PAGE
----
The mother of a promising grammar school boy, who was stabbed to death in an affluent Cheshire village last year, has died after struggling to come to terms with the tragedy, her family have confirmed.
Yousef Makki, 17, a scholarship boy at Manchester Grammar School, who dreamed of becoming a surgeon, was knifed in the heart by his friend, Joshua Molnar, 18, during a fight in upmarket Hale Barns on March 2 last year.
The death of his mother Debbie Makki, at the age of 55, was confirmed on Sunday.
In a statement her family said she had been unable to deal with the grief and trauma of losing her son in violent circumstances.
They said she had also struggled to deal with the isolation of life under lockdown.
In a statement her family said: “It is with a broken heart that we have to share this devastating news: our beloved Mum and Nana, so loved by everyone who knew her, died in the early hours of this morning.
“She was rushed to hospital via ambulance two days ago after struggling at home. The doctors told us she was critical. She was not strong enough to fight.
“Lockdown isolated my mum from her grandchildren who kept her going and she had too much time to think about the loss of Yousef - and the stark injustice and inhumane treatment of our family that followed.”
Molnar, from a wealthy Cheshire family, was cleared of Yousef's murder and manslaughter following a trial at Manchester Crown Court last July when he claimed he acted in self-defence.
He admitted possession of a knife and perverting the course of justice and was given 16 months in custody.
Adam Chowdhary, 18, was convicted of possession of a knife and sentenced to a four-month detention order.
He was cleared of perverting the course of justice and along with Molnar was found not guilty of a single charge of conspiracy to robbery.
Mrs Makki’s family said she had been left wondering why Molnar and Chowdhary had never contacted her after the killing.
They said: “It kept her awake most nights - she literally never slept. We were unable to be with her in her last moments, just as we were unable to be with Yousef - but they are together now which brings us some comfort. Our world has fallen apart all over again and we are all in complete shock.”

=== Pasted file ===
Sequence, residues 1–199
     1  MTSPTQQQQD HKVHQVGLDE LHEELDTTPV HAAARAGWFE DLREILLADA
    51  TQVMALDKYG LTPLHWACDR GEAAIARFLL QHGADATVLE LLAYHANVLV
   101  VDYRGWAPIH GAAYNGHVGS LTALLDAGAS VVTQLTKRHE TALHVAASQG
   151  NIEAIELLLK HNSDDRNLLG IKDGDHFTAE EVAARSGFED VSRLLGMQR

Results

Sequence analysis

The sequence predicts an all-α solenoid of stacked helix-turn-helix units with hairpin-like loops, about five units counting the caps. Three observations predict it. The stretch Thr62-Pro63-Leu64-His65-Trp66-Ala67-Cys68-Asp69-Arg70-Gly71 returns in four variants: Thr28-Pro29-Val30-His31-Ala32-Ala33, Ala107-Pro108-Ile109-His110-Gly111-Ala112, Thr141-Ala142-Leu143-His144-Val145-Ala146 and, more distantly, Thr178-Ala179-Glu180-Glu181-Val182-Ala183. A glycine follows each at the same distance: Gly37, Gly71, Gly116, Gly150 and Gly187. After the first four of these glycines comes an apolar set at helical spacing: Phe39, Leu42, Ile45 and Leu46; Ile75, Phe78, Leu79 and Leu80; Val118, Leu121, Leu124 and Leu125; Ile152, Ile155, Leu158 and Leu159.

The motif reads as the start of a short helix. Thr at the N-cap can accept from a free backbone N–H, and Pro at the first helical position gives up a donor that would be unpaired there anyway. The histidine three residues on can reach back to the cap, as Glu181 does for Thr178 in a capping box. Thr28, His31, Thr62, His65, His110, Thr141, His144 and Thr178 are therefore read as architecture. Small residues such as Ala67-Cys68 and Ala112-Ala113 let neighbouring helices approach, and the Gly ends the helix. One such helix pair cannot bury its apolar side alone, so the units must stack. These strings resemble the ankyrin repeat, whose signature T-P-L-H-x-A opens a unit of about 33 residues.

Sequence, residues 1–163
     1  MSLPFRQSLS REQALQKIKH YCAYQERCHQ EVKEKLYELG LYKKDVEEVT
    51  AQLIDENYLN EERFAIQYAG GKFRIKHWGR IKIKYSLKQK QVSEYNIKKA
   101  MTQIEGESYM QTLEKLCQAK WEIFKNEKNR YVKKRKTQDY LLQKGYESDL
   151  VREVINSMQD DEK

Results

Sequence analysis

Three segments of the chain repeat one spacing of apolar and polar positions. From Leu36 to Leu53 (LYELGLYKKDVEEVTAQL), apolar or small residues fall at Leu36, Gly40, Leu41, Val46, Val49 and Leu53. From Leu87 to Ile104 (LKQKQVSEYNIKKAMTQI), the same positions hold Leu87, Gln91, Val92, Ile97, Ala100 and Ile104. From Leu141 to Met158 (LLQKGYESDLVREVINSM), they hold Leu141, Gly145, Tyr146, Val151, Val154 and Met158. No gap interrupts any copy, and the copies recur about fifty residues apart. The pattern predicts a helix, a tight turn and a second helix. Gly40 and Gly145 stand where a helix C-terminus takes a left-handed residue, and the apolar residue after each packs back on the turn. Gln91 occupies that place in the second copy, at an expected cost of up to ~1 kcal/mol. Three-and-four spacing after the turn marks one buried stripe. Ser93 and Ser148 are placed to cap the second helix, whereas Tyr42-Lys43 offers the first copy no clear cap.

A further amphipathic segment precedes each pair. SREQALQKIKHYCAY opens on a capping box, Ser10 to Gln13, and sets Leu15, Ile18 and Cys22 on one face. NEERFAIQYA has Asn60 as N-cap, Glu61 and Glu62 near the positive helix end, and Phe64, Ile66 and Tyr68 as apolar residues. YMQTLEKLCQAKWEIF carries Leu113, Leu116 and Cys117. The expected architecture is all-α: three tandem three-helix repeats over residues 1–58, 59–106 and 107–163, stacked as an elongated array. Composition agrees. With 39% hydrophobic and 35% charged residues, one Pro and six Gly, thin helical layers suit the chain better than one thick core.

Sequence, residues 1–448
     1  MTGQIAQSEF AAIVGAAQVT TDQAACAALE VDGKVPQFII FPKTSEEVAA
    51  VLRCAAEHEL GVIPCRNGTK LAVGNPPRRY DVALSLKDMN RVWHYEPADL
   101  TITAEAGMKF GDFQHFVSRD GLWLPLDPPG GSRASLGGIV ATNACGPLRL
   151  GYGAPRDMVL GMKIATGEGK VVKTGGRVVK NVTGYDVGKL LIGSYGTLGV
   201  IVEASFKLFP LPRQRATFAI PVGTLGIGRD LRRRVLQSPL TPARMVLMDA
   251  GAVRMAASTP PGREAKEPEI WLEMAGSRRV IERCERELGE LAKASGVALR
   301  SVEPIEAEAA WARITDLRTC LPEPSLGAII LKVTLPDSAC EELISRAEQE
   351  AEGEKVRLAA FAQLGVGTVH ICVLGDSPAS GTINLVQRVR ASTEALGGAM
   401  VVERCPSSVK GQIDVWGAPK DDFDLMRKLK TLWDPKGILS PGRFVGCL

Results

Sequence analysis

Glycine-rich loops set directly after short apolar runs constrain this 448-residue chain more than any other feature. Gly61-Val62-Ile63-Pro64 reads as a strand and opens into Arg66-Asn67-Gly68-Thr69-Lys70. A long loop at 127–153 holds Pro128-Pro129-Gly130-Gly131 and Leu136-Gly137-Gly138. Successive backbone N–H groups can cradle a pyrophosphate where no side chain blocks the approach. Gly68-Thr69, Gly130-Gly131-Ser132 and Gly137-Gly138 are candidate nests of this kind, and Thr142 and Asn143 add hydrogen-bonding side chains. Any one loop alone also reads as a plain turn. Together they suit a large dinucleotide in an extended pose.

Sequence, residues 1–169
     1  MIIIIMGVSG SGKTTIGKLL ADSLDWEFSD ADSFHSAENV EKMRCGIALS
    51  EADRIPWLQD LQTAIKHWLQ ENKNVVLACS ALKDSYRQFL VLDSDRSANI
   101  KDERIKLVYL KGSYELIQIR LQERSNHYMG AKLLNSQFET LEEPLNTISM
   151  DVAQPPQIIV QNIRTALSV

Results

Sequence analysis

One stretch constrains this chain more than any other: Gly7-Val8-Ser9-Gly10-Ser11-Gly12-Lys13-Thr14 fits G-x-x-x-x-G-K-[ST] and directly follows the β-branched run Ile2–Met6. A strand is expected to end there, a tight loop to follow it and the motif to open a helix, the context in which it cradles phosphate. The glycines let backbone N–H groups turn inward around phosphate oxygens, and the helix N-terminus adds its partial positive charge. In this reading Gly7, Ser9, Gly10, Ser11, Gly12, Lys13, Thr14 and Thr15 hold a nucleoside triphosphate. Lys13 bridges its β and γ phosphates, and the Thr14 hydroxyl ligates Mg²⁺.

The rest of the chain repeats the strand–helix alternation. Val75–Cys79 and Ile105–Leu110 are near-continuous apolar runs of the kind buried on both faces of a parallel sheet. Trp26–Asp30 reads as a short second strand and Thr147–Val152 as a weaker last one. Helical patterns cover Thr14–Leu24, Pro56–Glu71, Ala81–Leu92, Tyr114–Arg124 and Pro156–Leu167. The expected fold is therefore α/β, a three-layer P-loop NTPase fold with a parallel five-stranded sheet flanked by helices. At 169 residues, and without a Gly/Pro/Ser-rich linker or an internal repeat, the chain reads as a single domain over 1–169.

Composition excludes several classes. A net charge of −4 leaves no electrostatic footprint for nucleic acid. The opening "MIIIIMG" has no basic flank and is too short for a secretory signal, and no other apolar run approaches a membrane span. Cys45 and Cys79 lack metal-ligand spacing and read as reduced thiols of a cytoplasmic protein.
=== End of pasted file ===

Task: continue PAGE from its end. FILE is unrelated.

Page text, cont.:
Yousef’s sister, Jade Aksum, said: “My mum's mental and physical health had deteriorated dramatically over the past year and she hadn’t been the same since Yousef was murdered.
“Her heart was broken and the spark in her eyes had gone. The toll of losing Yousef was colossal, but the injustice and the constant uphill battle we had to fight meant she never found peace.
She added: “My mum was the strongest, bravest lady I have ever met and we will miss her dearly.”
Ms Makki and the family have been calling for a full inquest into Yousef's death, and at a pre-inquest hearing in February their legal representative Matthew Stanbury said matters surrounding the teenager's death "have not been sufficiently aired".
In October, Ms Makki gave a speech at an anti-knife crime summit in Manchester.
Mayor of Greater Manchester Andy Burnham was among those to pay tribute to her.
He wrote on Twitter: "So so sorry to hear this news. And after everything the family has been through.
"Debbie was such a lovely person and deserved so much more. My love to them all.”